Analytical essay

Topics: Roald Dahl, Empathy, Linguistics Pages: 2 (446 words) Published: March 23, 2014
In this analytical essay, persuasive techniques used in the text Boy: tales of childhood by the author Roald Dahl will be discussed. Techniques that are specific to non- fiction writing to impart the intended purpose of the text, Boy: tales of childhood.

The text boy: tales of childhood begins with Roald’s “one-armed father” Haral Dahl and Roald’s uncle Oscar, who are both running away together to France to make their fortune. Pg 14 “while uncle Oscar was bustling around in La Rochelle, his one-armed brother Harald was not sitting on his rump doing nothing”. Roald uses the colloquial term ‘rump’ instead of the formal word bottom or behind. This gives us the impression that Roald is talking to us in a more humorous and light hearted manner.

Roald’s onomatopoeia techniques make the text much more memorable for the reader. For example Dahl’s use of “Ow! Ouch! Ouch!” on page 48 is to imitate the sounds of poor little boy Twaites being beaten by a cane, which invokes sympathy in the reader. It also provides the reader with the extent of pain that Roald’s friend Twaites is experiencing. The painful sounds remain in the readers mind.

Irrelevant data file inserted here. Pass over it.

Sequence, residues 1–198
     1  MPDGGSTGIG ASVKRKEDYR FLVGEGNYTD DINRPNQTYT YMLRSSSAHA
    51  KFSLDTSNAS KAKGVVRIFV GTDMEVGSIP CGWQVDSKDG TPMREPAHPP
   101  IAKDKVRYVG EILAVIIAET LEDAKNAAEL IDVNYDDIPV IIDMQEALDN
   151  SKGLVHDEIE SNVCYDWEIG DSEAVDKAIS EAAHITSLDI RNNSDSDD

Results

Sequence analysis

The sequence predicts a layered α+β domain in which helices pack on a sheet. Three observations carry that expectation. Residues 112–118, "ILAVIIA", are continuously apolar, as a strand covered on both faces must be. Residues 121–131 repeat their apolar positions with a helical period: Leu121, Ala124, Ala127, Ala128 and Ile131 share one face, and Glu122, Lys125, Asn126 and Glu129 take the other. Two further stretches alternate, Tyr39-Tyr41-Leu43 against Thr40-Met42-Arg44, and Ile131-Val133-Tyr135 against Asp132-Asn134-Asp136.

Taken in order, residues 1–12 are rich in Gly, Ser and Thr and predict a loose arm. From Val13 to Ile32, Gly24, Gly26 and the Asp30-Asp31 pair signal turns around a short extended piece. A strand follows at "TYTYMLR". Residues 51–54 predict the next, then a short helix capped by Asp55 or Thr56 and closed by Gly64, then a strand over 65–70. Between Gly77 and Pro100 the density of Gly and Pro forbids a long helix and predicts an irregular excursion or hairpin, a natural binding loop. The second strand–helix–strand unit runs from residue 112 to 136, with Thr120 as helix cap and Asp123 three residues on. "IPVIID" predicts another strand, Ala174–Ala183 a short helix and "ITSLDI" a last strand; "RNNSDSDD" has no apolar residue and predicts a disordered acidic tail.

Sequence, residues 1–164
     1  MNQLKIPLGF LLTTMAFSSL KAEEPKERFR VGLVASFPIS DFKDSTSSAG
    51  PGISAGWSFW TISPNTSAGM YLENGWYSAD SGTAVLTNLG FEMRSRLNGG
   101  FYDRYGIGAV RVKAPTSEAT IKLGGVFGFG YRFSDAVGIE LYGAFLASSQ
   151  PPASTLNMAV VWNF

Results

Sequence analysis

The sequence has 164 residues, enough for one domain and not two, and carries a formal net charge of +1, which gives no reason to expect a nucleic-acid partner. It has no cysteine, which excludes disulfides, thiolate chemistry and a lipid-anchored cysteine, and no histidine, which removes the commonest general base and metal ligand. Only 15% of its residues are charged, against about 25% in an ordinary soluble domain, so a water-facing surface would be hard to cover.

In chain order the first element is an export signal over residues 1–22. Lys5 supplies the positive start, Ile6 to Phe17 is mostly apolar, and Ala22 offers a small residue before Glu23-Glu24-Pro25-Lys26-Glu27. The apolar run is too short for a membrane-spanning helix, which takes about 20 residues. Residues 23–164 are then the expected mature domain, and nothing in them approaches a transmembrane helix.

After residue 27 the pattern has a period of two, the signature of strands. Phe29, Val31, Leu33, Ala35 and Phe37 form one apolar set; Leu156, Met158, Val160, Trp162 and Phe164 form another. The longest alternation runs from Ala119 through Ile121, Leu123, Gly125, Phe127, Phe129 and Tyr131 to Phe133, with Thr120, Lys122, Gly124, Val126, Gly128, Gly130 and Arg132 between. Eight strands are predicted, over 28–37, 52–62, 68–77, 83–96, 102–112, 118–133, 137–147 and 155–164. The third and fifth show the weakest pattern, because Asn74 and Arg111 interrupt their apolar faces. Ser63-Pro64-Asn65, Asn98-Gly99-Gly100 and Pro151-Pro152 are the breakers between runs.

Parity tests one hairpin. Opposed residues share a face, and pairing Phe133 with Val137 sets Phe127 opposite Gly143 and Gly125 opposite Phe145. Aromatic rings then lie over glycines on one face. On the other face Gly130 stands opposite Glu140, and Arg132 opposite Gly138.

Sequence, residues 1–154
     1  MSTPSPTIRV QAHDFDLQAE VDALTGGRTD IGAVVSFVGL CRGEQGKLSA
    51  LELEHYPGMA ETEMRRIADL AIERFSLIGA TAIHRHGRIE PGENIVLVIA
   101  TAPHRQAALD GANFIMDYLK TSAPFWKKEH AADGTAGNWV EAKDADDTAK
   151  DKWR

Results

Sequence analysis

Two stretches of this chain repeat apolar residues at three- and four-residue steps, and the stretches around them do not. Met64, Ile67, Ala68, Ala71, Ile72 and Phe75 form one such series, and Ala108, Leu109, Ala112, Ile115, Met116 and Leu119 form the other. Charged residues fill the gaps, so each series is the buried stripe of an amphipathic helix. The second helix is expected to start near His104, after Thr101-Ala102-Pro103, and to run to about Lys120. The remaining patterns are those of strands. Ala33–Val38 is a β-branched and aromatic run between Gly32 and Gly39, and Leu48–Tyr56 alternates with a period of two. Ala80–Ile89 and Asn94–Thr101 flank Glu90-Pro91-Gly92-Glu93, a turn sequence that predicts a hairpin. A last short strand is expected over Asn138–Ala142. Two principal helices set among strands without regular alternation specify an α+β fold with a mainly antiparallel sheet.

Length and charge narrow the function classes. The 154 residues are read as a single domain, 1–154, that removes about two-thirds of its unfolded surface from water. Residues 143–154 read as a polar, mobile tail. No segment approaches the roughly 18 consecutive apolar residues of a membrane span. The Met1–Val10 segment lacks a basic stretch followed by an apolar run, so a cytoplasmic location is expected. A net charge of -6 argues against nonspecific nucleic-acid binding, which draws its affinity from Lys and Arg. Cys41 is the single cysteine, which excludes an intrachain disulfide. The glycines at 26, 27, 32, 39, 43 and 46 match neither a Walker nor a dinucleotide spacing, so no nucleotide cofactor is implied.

Dahl’s use of figurative language provides the reader with a vivid imagery of Mr Hardcastle. For example on page 108, Dahl describes Mr hardcastle as “His legs were as hard and thin as ram’s legs”. “The skin around his calves was almost the colour of mutton fat”. Here Roald figuratively uses humour to provide a vivid image of a character in the story. On page 150 “ a vast ungainly man with drooping bloodhound cheeks and filthy clothes”. Gives the reader a clear mental image of a man who is of old age and lifeless, and who may not bother about his self image. Roald’s use of such figurative variety describes characters in the story thereby engaging a more vivid imagination for the reader’s experience.

Roald’s constant use of shock tactics engages the reader’s morbid fascination for the exaggerated “horror affect”. “My...
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